Language feature for scoped restrictions?

I need a way to restrict what things I am able to do in specific scopes.

For example, I need to restrict usage of the or packages. I am developing my own frameworks for working with files, which may use those packages internally. but there is nothing stopping me from using those packages in places where I don’t want to.

One possibility is that I can write function in a common module (no access to jvm). But this seems like it accomplishes my goal only as a side effect, and won’t work in all cases.

I am looking for something vaguely like the following:

annotation class RestrictedIoScope

Above, Prohibit would be a built in annotation provided by the kotlin language. It is inspired by DslMarker. RestrictedIoScope would be created by the developer. It might work something like this:

interface MyIoContext

fun customIoOnly() {"/a/file.txt").readText() // <- would throw a compiler error for violating the restriction

Vaguely Similar features I can think of are:

  • DslMarker
  • Opt-In Requirements
  • Multiplatform Common Modules
  • Deprecation
  • implementation dependencies in gradle (as opposed to api)

These are all features built into the kotlin language that can help a developer have some enforcement for what is used where. But none of these allow the developer to specifically prohibit certain classes or packages from being used, especially if those are from the standard libraries.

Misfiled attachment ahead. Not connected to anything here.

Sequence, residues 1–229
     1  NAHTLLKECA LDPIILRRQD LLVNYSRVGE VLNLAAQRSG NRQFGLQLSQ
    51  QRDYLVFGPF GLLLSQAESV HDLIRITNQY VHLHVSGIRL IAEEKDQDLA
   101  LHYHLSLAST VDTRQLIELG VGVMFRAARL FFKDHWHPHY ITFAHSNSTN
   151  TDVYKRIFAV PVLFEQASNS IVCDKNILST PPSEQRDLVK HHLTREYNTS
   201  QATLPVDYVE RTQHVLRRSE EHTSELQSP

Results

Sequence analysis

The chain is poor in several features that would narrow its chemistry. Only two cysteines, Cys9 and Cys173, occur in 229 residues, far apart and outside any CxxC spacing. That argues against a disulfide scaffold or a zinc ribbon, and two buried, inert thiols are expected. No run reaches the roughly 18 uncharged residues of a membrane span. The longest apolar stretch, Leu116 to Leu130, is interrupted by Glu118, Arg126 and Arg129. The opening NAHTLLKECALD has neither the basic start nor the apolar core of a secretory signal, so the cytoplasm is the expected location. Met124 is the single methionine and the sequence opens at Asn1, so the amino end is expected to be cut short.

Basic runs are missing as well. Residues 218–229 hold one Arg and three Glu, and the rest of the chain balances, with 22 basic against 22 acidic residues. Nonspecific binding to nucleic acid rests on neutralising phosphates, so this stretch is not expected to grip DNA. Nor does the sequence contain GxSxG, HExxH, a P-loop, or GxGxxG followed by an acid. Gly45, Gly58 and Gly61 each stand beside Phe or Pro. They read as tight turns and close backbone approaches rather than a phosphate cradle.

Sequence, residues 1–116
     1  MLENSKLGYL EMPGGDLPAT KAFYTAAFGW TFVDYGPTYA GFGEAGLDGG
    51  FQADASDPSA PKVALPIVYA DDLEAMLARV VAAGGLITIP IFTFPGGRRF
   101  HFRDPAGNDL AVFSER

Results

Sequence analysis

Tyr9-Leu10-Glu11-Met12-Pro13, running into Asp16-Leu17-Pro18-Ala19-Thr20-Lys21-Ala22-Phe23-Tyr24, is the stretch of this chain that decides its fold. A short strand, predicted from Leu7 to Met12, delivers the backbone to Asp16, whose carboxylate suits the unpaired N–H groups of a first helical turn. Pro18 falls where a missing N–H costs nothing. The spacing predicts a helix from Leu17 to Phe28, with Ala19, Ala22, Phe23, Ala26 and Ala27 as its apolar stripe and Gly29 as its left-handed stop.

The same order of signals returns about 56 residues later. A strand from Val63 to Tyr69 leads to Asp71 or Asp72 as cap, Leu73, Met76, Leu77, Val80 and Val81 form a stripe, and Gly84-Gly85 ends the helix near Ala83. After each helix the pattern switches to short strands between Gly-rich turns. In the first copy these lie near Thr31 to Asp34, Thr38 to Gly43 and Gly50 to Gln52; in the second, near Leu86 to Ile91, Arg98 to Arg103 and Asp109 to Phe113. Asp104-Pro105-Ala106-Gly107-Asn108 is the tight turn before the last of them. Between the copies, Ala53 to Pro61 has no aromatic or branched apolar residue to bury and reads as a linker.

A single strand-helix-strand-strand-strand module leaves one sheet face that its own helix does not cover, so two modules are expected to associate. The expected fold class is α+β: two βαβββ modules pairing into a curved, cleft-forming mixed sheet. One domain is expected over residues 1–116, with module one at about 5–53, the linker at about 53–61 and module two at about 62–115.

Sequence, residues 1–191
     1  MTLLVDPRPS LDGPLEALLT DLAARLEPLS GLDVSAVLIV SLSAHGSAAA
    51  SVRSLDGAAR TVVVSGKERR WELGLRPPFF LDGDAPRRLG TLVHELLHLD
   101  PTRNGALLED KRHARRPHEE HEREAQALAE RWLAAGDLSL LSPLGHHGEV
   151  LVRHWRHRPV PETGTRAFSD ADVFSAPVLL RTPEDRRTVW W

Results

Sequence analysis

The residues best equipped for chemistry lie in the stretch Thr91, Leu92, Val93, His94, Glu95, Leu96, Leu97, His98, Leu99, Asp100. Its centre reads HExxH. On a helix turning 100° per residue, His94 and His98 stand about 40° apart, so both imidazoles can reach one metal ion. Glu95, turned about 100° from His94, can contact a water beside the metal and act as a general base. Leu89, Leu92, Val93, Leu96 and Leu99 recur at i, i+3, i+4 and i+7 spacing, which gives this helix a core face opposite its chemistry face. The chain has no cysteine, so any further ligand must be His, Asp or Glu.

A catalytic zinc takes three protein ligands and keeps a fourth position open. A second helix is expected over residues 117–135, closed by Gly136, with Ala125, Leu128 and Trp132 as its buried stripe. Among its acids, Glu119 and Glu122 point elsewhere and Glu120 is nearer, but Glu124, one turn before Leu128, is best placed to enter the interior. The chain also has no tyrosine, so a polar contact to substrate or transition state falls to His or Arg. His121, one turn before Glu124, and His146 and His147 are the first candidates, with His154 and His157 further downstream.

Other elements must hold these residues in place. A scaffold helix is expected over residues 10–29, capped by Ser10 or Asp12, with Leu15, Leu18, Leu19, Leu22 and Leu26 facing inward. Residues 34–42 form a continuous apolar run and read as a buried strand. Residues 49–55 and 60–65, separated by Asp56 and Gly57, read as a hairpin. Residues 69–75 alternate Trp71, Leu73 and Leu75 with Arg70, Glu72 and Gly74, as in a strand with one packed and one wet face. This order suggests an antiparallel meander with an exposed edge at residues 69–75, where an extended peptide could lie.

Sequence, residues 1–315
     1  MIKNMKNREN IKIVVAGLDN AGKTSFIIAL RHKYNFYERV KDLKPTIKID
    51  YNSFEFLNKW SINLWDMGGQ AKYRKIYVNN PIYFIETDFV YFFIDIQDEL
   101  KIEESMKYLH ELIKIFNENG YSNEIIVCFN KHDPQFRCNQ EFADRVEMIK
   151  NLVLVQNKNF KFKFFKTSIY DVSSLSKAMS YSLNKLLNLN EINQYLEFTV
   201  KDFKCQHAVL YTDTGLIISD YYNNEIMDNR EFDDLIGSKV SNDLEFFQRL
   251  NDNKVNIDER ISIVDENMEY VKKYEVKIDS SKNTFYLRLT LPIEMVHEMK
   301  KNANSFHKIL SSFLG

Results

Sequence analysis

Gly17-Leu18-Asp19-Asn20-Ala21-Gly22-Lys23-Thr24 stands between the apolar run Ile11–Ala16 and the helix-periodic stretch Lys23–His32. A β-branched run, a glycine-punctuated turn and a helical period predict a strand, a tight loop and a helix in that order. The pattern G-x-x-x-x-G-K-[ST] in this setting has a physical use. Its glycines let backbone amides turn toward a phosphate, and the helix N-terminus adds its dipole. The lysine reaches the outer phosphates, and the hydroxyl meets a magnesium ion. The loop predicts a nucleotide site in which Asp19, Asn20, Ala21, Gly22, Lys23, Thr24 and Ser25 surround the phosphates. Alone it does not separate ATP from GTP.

There is also the possibility of using a custom lint rule or compiler plugin, but that seems like overkill and might be too difficult.

Are there any other ways to enforce forbidding certain standard library functions that I have not thought of or considered?

You may be interested in frameworks such as archunit. Setting an intelliJ linter rule maybe even more helpful, because it will point out the problem while you code. But if you wish to allow for exceptions that may not be possible via an intelliJ rule.

As for the cost/benefit ratio, that depends on the size of your project. Namely if you only have upto 10 classes (source files), it may not be worth it (except if you wish to make it a PoC). But if you plan on a project with 20+ classes (or source files), then some architectural rules can be handy, especially if you are developing with some junior developers.

The mentioned technics are no rocket science, i.e. others already got them working, and so probably can you. Just give it a try (if it is worthwile for you).

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